Pikuma: Isometric Projection in Game Development

## Isometric Projection in Game Development

Playing isometric games is super fun, but understanding the theory behind isometric projection is also extremely important for any beginner game developer. Programming isometric worlds is a huge topic, so I'll try to be as beginner-friendly as possible and cover the basics we need to learn how isometric projection is used in game development!

I was talking to one of my students during office hours last week, and we ended up touching the topic of isometric projection. Even though the discussion was about modern 3D computer graphics, most of the games that she mentioned were retro isometric games like Ultima VIII, SimCity 2000, and RollerCoaster Tycoon.

I believe most of my readers have a good gut-feeling of what isometric games are. Even if you never played an isometric game before, you'd probably recognize a game that uses an isometric viewpoint.

SimCity 2000 was one of the most famous isometric games for the PC

Since many of the titles we know and love carry this isometric "look", I've decided to write a short article explaining how isometric projection really works. Once we are done with the basics, we can even go ahead and try to code something simple together. And if you have seen my content before, you know that I'll definitely try to add some super cool retro nerd history along the way!

Alright! Let's dive in.

### 3D Projections

Let's start by understanding where this expression "isometric" comes from.

When we are programming 3D games, we have to choose how our game will display 3D objects in our 2D screen. This is what we call projection, and there are different types of projection that we can choose from.

##### Orthographic Projection

I have a feeling that the easiest type of projection for us to understand is called orthographic projection. When we choose to use orthographic projection, we simply ignore the z components of our original 3D points and project them without considering depth.

In the ortographic projection, it does not matter how far or close the object's vertices are in 3D, we'll project them directly onto the 2D screen ignoring their depth. And you might think that this image looks similar to what an isometric tile looks like, but we are still missing some important details for an orthographic projection to be also isometric. But we'll get there!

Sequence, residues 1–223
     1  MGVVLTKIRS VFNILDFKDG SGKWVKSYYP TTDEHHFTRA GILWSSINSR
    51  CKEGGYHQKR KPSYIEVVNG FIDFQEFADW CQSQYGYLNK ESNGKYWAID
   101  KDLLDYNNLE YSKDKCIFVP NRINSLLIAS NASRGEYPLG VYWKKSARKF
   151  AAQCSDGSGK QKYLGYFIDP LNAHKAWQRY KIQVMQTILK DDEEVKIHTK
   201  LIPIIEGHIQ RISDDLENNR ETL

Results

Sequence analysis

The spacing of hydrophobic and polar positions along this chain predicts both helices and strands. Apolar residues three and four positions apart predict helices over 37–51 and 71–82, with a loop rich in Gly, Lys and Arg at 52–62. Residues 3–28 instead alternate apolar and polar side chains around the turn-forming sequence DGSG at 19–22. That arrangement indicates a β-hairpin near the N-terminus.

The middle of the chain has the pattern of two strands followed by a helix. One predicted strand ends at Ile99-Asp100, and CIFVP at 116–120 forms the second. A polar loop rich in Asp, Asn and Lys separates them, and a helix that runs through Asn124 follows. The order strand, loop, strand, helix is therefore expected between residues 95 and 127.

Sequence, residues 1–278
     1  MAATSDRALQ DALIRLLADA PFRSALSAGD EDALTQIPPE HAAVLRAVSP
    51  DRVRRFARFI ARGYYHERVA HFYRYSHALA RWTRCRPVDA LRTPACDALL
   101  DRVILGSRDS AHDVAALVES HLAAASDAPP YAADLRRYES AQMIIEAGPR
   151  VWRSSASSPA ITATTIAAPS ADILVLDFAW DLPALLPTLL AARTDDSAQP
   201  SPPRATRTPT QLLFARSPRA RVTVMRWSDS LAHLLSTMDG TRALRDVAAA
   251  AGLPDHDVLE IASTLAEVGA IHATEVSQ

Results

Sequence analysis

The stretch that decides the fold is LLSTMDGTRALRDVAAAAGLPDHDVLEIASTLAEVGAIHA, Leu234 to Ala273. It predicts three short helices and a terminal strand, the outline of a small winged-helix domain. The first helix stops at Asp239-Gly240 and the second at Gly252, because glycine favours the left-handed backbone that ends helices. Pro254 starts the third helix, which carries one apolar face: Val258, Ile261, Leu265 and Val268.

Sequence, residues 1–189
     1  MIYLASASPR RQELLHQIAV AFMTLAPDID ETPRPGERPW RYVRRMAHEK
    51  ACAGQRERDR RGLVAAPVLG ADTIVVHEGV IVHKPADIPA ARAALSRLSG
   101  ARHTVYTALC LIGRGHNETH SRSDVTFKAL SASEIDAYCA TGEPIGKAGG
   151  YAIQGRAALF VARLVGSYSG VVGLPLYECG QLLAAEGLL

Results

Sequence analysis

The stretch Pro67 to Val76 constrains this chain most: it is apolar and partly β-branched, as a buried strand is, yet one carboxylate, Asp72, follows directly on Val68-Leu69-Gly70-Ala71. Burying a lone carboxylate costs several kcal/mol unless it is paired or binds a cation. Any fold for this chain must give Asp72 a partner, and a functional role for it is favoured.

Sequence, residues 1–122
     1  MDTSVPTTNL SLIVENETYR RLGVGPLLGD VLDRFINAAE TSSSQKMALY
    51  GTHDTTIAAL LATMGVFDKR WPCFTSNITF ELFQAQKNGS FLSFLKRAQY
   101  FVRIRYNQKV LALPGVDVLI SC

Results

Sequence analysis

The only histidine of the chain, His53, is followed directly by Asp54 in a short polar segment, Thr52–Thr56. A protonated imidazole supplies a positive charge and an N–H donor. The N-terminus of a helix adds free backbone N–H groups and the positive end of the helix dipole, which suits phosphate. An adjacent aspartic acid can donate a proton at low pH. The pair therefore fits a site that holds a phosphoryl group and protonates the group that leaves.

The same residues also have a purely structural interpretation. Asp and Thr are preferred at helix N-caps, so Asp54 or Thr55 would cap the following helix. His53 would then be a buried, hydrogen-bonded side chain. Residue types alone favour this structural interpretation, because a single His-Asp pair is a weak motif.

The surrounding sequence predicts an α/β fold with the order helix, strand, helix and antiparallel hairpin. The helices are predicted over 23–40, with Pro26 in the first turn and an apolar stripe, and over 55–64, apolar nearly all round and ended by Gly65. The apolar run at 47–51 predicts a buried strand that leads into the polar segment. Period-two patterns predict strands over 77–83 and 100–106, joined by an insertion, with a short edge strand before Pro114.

##### Perspective Projection

Another very popular type of projection is called perspective projection. Many 3D games use perspective projection because it's similar to how humans perceive the real world. In this type of projection, vertices that are close to us appear bigger and things that are far away appear smaller.

To achieve the perspective effect, it is common for programmers to use something called "perspective divide", which is a fancy name for something super simple. In the context of perspective projection, the perspective divide simply means we must divide the original point's x and y by their z value.

$$x_{screen}=\frac{x}{z}$$
$$y_{screen}=\frac{y}{z}$$

The resulting projected x on the screen is equal to the original x value divided by the z value, and the final projected y is equal to the original y of the point divided by its z value.

Inversely proportional relationship: Look at the perspective divide formula above. Does it make sense to you intuitively? The fraction creates an inversely proportional relationship between the projected screen values of x and y with the point's depth.

• The bigger the z, the more we divide, and the smaller the resulting x,y is.
• The smaller the z, the less we divide, and the bigger the resulting x,y is.

Things that are far away appear smaller, and things that are close appear bigger!

Right! So, now that we know what projection means and we briefly mentioned the two most popular types of projections in games, let's talk about isometric projection.

##### Isometric Projection